Home Middle East-Africa PACC Commissioner Belgica Ridiculed by Solons for Corruption Claims

PACC Commissioner Belgica Ridiculed by Solons for Corruption Claims


The president of the anti-corruption commission (PACC), Commissioner Greco Belgica, was criticized for accusing a new congressman of involvement in unusual activities without proof or names to support his allegations for the second time.

 Greco Belgica was then challenged to name the 12 congressmen who were involved in the corruption case involving public works projects by Defensor Mike, an Anakalusugan representative. Belgica got a similar challenge from Ako Bicol party-list representative, claiming that his implications are undemocratic.

Belgica stood firm with his allegations that 12 officeholders received bribes amounting to 15% of the public works contracts in a radio interview, but he refused to mention their identities. He denied any claims of him being involved in the inspection of any of the officeholders, saying that there is a need for an executive order.

The chairman of the house committee on public accounts, Defensor, complained that it was Belgica’s second time in a month to come up with such claims without mentioning names and without evidence to use against the incumbents in court. The Defensor asked him to shut up if he had no enough evidence to back up his claims, and if he had, he should sue the lawmakers.

Garbin went ahead to say that there must be proof to implicate the 12 lawmakers and called out the PACC to make the issue at hand known to the public, or else it would cause a stir in the eligibility of the integrity of congress.

The solons were then said to have been the root behind several illegal deals in the public works projects by a PACC official. Belgica’s claims were then proclaimed to be unfair by the chairman of the house committee of appropriations.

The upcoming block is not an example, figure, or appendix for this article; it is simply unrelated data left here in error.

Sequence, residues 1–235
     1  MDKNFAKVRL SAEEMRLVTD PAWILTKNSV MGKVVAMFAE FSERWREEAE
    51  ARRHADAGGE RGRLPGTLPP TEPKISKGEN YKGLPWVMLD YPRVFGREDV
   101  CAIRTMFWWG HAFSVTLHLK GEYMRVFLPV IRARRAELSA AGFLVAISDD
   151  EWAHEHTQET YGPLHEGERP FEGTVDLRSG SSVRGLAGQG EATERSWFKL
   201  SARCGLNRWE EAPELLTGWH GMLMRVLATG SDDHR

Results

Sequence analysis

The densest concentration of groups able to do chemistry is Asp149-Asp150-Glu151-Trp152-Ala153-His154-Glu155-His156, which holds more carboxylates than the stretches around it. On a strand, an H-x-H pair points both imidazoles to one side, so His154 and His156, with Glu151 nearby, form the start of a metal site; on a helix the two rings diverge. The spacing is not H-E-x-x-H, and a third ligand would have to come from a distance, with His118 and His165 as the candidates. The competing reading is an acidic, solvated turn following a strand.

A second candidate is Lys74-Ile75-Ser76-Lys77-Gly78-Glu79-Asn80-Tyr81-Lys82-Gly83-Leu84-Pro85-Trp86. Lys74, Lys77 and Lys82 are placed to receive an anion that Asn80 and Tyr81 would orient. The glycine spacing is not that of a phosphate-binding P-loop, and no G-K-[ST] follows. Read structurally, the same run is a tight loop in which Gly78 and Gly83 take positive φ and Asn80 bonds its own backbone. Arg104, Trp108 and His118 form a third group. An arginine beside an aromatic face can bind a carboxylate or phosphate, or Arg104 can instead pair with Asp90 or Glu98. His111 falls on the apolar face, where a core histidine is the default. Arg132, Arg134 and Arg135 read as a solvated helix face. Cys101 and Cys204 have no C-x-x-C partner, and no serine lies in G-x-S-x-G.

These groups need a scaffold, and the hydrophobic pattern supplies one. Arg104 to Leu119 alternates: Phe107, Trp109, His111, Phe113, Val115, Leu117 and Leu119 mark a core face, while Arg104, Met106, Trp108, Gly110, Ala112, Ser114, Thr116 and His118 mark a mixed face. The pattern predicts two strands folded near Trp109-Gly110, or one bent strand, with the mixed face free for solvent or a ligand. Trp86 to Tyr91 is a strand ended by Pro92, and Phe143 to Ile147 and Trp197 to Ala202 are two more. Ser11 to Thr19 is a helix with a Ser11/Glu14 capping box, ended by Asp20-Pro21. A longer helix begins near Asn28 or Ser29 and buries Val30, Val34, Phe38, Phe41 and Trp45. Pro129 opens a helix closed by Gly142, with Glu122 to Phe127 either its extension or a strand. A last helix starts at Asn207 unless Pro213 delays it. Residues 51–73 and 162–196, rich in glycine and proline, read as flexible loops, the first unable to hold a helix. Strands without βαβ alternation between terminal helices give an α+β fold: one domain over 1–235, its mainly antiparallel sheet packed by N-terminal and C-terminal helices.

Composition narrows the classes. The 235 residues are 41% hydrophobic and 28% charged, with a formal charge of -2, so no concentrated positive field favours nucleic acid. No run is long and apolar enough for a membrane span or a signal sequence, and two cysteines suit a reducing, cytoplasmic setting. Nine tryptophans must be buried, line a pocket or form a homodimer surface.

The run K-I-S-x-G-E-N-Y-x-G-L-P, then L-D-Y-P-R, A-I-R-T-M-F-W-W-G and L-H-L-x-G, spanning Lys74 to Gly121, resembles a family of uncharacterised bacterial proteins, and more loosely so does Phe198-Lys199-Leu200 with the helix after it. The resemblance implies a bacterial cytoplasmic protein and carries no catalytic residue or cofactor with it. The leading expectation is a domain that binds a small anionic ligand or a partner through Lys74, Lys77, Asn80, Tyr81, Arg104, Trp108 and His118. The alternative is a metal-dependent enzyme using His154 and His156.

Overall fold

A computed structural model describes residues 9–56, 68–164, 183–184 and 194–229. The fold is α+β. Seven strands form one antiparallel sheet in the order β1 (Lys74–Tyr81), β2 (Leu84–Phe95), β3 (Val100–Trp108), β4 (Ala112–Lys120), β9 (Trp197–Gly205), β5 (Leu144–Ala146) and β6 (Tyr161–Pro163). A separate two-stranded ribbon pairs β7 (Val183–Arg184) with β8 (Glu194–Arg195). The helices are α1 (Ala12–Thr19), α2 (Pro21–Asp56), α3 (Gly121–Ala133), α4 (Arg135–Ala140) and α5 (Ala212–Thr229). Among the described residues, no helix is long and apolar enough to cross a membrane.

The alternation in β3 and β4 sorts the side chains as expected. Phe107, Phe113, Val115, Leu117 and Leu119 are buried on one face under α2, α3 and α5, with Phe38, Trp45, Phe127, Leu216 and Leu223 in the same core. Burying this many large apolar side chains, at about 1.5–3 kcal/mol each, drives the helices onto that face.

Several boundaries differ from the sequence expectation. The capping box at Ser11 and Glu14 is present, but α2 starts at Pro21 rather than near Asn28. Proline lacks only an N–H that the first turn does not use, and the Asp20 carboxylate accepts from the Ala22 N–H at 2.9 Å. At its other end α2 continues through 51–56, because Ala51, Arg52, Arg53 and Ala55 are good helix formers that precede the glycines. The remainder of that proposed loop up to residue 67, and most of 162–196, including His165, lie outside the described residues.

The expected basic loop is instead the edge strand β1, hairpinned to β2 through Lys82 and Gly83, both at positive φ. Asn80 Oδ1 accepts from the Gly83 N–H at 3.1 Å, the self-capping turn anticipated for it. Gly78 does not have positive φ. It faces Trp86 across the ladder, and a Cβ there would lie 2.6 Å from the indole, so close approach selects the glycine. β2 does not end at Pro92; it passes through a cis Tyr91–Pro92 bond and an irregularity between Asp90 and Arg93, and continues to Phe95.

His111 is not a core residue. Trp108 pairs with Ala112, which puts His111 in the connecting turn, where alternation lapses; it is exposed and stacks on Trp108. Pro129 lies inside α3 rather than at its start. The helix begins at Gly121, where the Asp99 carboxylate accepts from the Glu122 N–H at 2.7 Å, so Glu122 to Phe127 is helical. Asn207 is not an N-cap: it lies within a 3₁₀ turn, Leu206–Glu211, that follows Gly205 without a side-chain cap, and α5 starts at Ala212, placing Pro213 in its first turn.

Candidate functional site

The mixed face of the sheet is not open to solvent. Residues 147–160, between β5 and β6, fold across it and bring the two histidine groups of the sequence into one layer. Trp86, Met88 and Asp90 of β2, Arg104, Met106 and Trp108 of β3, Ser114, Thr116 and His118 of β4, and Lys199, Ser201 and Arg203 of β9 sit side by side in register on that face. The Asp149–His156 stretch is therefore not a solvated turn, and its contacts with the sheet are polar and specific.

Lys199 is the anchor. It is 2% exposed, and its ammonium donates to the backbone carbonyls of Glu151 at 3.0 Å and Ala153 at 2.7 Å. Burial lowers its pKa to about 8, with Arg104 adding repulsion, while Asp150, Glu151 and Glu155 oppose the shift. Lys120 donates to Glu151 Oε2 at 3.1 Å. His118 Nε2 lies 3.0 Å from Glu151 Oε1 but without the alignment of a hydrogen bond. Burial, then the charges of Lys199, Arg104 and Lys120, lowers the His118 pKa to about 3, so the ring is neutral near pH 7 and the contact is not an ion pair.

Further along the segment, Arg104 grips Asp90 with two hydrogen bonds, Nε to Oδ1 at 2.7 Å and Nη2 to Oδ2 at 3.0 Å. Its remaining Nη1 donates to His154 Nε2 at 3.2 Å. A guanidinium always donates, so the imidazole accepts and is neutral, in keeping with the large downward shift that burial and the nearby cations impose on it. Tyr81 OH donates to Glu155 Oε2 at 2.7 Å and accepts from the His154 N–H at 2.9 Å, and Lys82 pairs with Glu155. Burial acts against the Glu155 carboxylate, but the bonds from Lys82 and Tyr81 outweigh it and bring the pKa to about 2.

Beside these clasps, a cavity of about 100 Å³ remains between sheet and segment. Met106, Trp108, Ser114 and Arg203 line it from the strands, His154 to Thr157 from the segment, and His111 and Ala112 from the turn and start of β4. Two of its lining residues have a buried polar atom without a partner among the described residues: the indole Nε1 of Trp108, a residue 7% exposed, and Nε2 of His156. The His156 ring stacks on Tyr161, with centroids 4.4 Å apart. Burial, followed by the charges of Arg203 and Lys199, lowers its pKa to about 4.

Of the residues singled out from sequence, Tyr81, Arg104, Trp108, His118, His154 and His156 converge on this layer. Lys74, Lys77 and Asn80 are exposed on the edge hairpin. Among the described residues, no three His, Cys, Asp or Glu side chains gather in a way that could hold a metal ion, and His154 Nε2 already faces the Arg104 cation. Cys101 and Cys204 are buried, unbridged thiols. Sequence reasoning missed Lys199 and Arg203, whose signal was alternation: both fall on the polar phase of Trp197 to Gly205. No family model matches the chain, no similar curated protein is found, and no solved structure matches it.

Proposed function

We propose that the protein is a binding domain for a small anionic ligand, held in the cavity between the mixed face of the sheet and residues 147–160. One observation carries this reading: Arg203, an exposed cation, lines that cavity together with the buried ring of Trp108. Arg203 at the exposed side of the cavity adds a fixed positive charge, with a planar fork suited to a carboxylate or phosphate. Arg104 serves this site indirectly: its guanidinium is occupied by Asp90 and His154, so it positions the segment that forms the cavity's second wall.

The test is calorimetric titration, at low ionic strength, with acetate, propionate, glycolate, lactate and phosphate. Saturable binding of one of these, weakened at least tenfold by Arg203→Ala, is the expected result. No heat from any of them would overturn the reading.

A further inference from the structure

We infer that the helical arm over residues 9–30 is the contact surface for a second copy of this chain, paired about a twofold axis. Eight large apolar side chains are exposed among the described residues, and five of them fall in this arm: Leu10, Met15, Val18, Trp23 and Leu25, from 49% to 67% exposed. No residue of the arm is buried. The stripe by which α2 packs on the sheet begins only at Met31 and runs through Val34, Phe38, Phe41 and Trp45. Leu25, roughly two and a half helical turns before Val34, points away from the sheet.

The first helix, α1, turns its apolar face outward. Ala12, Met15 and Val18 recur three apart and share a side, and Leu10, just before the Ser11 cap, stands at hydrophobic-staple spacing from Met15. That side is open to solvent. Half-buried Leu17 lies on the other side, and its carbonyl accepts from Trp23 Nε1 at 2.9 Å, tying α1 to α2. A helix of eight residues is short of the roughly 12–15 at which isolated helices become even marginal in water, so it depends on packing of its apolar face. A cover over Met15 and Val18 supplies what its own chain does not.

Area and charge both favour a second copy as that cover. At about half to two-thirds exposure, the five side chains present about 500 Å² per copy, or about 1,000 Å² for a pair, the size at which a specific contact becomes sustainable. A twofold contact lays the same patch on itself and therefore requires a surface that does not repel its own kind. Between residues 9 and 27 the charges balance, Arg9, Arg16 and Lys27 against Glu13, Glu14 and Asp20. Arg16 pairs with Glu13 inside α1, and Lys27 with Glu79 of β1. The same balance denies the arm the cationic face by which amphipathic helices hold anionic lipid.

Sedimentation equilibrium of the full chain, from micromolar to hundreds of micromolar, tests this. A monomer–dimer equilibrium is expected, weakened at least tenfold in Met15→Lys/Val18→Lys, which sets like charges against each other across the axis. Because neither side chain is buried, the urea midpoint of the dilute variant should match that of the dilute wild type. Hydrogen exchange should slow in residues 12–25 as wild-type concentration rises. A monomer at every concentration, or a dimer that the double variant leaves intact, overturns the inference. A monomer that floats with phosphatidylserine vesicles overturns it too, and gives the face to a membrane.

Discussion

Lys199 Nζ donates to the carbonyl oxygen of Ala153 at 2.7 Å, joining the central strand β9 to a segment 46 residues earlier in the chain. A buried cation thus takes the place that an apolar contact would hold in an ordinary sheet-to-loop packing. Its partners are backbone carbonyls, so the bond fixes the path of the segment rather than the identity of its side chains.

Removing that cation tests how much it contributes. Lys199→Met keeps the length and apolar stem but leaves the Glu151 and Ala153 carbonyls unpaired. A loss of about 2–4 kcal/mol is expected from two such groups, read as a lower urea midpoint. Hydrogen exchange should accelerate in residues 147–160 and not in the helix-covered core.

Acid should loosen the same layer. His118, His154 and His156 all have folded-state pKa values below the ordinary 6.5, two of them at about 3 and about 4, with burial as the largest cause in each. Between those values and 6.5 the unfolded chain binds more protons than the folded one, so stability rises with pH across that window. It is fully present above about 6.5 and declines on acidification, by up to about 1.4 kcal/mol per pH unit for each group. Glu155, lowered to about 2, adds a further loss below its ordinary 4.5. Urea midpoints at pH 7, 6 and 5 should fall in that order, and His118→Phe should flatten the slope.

Duterte, the president of the Philippines, received names of the individuals, and it was said that the number was less than 12. The exact number was not mentioned. Witnesses came forward with one claiming continuous funding of a bridge project, a ghost project, and another was being asked for bribes. A lawmaker was asking for 10% if funding came from the congressman and 5% if it came from other sources.

The names of the lawmakers were said to be forwarded for further investigation. Belgica went on to say that they need to be pinned down with sufficient evidence.

He said that there were incidents of bullying and threatening of engineers and contractors by the lawmakers for commissions, and this practice has increased the number of corruption cases in the country. Belgica went on to say that there are chosen contractors who are housed by the contractors that run small gangs, and a leader was chosen amidst themselves.

With a syndicate among contractors, each contractor would benefit whether they won the project or not. For losers of a project, ‘Sweldo’ meaning salary would be given by the winning contractor.

Belgica’s ignorance to name the lawmakers was so that it could not interfere with the corrupt individuals’ investigation. Although Belgica’s claims are somehow true, he said that not all lawmakers were corrupt.


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